1. The Tax Due Date Must Be More Than Three Years Before the Bankruptcy Filing Date.

Tax debt is considered non-dischargeable priority debt, unless the debtor files for bankruptcy more than three years after the tax comes due. 11 U.S.C. §§ 507(a)(8)(A)(i), 523(a)(1)(A). This three-year period is known as a “lookback period,” which is similar to a statute of limitations. As the Supreme Court noted in Lozano v. Montoya Alvarez, 134 S.Ct. 1224, 1234 (2014), if the government “‘sleeps on its rights’ by failing to prosecute those claims within three years, however, those mechanisms for enforcing claims against bankrupt taxpayers are eliminated.”

2. The Tax Assessment Must Be at Least 240 Days Old.

The lookback period for tax debt has a second component. Tax debt is only dischargeable in bankruptcy cases filed more than 240 days after the government makes a tax assessment. 11 U.S.C. §§ 523(a)(1)(A), 507(a)(8)(A)(ii). The bankruptcy laws enacted in 2005 closed a loophole that had allowed debtors to take advantage of the automatic stay in a bankruptcy case to stop collection action by the IRS. Holland v. Florida, 130 S.Ct. 2549, 2570 n. 3 (2010), citing Young v. United States, 535 U.S. 43, 50-51 (2002). Continue reading

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By Joshua Doubek (Own work) [CC-BY-SA-3.0 (http://creativecommons.org/licenses/by-sa/3.0)], via Wikimedia CommonsA Chapter 13 debtor argued that a bankruptcy court should rule that part of an Internal Revenue Service (IRS) tax lien was void. The lien was only secured debt, he claimed, up to the value of his personal property, and he asked the court to avoid the unsecured amount of the lien. The bankruptcy court ruled that federal bankruptcy law does not allow “lien stripping” in the manner requested by the debtor, and the appellate court affirmed. In re Ryan, 725 F.3d 623 (7th Cir. 2013).

The debtor reportedly failed to pay federal income tax from 2006 through 2010, and the arrearage amount totaled nearly $137,000. The IRS recorded a notice of federal tax lien against the debtor’s property in January 2011. In August 2011, the debtor filed a Chapter 13 bankruptcy petition claiming $1,625 worth of personal property. He stated that he had lost his residence due to delinquent property taxes, and that he had no vehicle or financial accounts. He filed an adversary proceeding admitting to the tax debt and asking the court to rule on the value of the tax lien.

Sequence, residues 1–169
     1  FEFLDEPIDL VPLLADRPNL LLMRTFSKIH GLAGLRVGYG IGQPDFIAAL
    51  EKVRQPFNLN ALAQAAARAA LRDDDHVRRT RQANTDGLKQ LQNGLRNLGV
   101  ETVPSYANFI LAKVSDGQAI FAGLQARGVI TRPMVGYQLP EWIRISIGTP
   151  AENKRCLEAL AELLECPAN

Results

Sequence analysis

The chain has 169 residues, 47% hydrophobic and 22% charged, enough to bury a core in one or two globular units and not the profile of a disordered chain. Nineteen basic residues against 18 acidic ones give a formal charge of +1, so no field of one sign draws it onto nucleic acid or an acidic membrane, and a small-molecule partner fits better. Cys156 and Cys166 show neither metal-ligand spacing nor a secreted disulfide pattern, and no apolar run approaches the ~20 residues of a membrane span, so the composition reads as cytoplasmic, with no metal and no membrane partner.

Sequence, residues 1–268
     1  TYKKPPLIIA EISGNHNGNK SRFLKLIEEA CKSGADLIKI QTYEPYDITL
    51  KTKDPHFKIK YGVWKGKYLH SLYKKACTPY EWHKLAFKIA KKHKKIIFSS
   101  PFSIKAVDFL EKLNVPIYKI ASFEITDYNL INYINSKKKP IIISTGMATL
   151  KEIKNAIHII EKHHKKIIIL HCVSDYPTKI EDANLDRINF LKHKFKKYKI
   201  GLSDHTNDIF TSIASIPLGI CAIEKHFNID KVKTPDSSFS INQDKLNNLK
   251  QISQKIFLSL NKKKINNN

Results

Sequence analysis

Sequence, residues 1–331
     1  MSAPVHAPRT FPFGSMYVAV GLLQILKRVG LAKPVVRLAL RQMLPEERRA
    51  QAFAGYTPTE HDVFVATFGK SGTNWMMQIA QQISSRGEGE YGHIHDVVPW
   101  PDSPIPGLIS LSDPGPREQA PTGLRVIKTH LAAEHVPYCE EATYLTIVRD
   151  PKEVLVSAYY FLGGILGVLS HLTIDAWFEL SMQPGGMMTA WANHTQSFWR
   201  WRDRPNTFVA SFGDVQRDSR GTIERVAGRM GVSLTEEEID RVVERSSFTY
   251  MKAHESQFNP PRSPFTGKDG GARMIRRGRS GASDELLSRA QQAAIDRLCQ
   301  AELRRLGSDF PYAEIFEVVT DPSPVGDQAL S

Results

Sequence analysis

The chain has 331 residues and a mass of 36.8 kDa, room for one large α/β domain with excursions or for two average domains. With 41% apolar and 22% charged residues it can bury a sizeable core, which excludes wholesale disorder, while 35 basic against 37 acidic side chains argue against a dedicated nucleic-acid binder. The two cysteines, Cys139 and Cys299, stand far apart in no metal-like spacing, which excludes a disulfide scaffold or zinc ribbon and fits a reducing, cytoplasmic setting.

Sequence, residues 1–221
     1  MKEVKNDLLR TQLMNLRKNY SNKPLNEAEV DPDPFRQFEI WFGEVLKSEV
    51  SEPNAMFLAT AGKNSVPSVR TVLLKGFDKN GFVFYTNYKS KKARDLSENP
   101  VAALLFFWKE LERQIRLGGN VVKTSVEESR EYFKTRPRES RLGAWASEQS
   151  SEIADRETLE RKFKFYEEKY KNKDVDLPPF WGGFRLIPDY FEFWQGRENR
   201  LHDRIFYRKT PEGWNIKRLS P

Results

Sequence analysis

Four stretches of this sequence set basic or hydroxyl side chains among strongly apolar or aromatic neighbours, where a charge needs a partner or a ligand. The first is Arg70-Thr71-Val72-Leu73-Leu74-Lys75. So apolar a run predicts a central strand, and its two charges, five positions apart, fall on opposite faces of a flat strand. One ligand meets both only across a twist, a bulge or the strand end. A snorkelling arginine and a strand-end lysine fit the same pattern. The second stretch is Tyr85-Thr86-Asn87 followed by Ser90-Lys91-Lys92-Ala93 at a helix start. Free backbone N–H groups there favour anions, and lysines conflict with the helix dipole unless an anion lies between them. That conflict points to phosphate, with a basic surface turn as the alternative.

Because the debtor only owned $1,625 in personal property, he argued that the value of the IRS’s secured claim was limited to that amount, with the remainder of the lien being unsecured debt. 11 U.S.C. § 506(a). The IRS did not dispute this point. The debtor then argued that the amount of the tax lien that exceeded the value of his personal property was void under § 506(d). This section states that a lien is void if it “secures a claim against the debtor that is not an allowed claim,” with some exceptions. Continue reading

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By Bongochico (Own work) [CC-BY-SA-3.0 (http://creativecommons.org/licenses/by-sa/3.0)], via Wikimedia CommonsAaron Carter, who achieved fame as a singer in the late 1990s and early 2000s, filed for Chapter 7 bankruptcy in Florida in October 2013. In his petition, he lists assets of just over $8,000 and debts of more than $2 million. More than half of the debts, including a seven-figure amount owed to the Internal Revenue Service, date back to when Carter, now twenty-five years old, was a minor. Much of his fame and fortune accrued before his eighteenth birthday, but he is liable for tax on that income regardless of age.

Carter’s music career began before he was even a teenager. His older brother, Nick Carter, was a member of the popular “boy band” the Backstreet Boys. Carter opened shows for the group and toured on his own. He acted in movies and on stage, and his family was featured on a reality television show several years ago. He is currently touring in support of a comeback, but the performances are reportedly not bringing in enough money to pay his debts.

The majority of his outstanding debts were incurred when he was a minor, and his relationships with the people managing his career did not always turn out well. He filed for legal emancipation from his mother, who was also his manager, in 2003, claiming that she was working him too hard and mismanaging his income. He was also managed by Lou Pearlman, who created and managed numerous “boy bands.” Pearlman is currently serving a sentence in federal prison for fraud, and has been the subject of multiple lawsuits by former clients, including two lawsuits filed by Carter in 2002 and 2007. Continue reading